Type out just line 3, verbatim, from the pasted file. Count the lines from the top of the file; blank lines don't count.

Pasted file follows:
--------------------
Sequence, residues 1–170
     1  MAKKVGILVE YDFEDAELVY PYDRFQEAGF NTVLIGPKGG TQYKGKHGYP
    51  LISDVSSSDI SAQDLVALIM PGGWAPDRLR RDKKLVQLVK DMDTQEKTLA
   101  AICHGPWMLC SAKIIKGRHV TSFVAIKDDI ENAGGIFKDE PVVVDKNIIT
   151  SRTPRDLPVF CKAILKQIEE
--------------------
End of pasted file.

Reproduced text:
    51  LISDVSSSDI SAQDLVALIM PGGWAPDRLR RDKKLVQLVK DMDTQEKTLA